Any professional who is responsible for vetting, deploying, and using connected devices and machines in the industrial IoT sector must be concerned. While IT budgets will continue to grow through 2023 and beyond, cyber-physical overlap will increase. However, cybersecurity incidents are not discriminating. Businesses large and small are at risk when they fail-secure their expanding networks of IIoT devices.

What’s the Deal with Industrial IoT Security?

In a matter of years, the IIoT has grown tremendously. The security issues are obvious when you have the right perspective.

The first step in a company’s digital transformation could be to install connected sensors on its machinery. These are potential attack vectors, provided they are protected from the right conditions.

The problem becomes more serious when companies use connected IoT technology in close proximity to customer records and company IP. It seems strange that Target’s customer-data breach, involving internet-connected air conditioners, was not foreseen with the benefit of hindsight. It was inevitable that it would happen at some point — and now it is, we should all be able to see the risks.

This is business as usual. Companies are accustomed to vetting HVAC companies that boast robust security protocols for their internet-connected A/C units.

Data mobility may be possible in-house during the early stages of digital transformations. Continuous connections to remote servers may be required for later upgrades. What happens if the risk vectors grow beyond one retail chain’s customers? Public utilities in the United States are usually owned and managed by opaque, private entities.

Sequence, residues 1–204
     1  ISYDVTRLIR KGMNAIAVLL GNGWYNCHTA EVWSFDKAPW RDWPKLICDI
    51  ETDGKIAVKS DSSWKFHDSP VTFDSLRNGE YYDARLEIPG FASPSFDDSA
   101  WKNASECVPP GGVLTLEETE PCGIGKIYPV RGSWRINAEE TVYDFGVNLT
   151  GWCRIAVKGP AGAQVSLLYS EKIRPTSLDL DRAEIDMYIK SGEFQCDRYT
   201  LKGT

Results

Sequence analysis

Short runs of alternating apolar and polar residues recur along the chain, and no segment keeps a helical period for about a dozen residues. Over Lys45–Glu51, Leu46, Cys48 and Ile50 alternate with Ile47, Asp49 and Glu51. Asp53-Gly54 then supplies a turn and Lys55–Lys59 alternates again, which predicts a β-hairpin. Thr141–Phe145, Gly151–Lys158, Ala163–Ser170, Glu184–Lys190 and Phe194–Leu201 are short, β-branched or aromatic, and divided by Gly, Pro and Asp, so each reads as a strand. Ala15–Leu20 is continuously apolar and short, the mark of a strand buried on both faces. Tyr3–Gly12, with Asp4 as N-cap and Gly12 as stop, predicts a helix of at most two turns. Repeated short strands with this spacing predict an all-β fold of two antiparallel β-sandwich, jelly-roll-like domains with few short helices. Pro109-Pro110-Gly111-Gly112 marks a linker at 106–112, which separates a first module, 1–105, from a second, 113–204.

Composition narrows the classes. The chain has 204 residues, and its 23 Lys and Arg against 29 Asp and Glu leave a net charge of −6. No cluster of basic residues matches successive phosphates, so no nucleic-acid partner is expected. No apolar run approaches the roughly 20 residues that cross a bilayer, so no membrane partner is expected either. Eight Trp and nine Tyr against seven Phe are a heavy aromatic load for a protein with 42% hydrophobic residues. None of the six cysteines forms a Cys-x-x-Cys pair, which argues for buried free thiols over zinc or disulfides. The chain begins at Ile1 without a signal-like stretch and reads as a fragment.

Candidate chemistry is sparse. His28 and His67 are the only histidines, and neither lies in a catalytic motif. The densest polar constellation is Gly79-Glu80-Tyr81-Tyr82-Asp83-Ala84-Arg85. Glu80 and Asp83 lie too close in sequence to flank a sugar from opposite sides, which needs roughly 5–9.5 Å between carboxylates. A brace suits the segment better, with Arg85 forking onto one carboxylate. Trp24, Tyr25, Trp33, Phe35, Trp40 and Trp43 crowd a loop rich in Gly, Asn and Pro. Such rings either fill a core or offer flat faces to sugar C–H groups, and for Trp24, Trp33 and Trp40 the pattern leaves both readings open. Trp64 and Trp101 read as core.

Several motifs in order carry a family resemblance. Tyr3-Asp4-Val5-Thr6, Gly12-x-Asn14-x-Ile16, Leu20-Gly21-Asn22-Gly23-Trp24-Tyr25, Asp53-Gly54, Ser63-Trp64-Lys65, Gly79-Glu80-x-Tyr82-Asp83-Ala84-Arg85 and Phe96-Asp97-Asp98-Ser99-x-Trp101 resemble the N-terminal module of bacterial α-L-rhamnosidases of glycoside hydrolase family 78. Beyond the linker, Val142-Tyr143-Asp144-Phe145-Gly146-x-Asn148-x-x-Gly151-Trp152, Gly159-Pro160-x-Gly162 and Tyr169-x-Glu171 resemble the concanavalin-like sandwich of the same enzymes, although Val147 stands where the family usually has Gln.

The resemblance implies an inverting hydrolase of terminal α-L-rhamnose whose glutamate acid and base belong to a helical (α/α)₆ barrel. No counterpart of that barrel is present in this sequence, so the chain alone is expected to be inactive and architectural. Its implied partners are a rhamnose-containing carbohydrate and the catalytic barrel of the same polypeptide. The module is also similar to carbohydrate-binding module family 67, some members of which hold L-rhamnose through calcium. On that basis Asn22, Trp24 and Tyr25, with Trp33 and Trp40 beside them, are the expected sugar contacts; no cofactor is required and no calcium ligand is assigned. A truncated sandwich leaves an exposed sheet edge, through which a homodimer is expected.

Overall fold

Utility companies have many reasons to use IoT devices, including water, electricity, and natural gas. This is to improve service and reliability. This rapidly expanding web connectivity presents many points of failure in cybersecurity.

The core of the industrial IoT security issue is that hackers could gain access to every connected CNC machine and every lathe, and every sensor along every mile of gas or water pipeline. While telemetry is not valuable, an unsecured IoT sensor could provide a way to more valuable prizes, such as financial information or intellectual property (IP).

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The IIoT Security Situation by Numbers

Industrial IoT security is a problem that affects all sectors.

Tenable and Ponemon Institute released a March 2023 report that found that 90% of the organizations actively deploying operational technology — including transportation and manufacturing — had suffered one or more data breaches within the past two years.

Critical public services are the most vulnerable targets of IIoT-based attacks.

Colonial Pipeline and CNA Financial Corp. proved that many financial institutions, including the most serious attacks — and most public or quasi-public utilities companies might not have taken sufficient measures to protect their digital system. One of these attacks resulted in a compromised connected workstation.

IBM discovered that cyberattacks on manufacturers were most common in 2023. This is not surprising. Manufacturing companies are some of the most avid adopters of IIoT products.

It is extremely beneficial to combine the physical and cyber by studying or modeling the data and sourcing, fabrication, manufacturing, and transport operations across the industry.

This trend will reach its peak by 2025. Edge computing will soon be the norm in industrial settings such as plants and distribution centers. This will allow professionals to anticipate that 75% of operational information can be gathered using edge computing.

The IIoT’s defining feature is likely to be edge computing. Unfortunately, it comes with a double-edged sword. Cybersecurity in the industry today is a result of decision-makers being excited about the IIoT’s potential but not considering possible harm.

1. Factory-Default Passwords Can Be Changed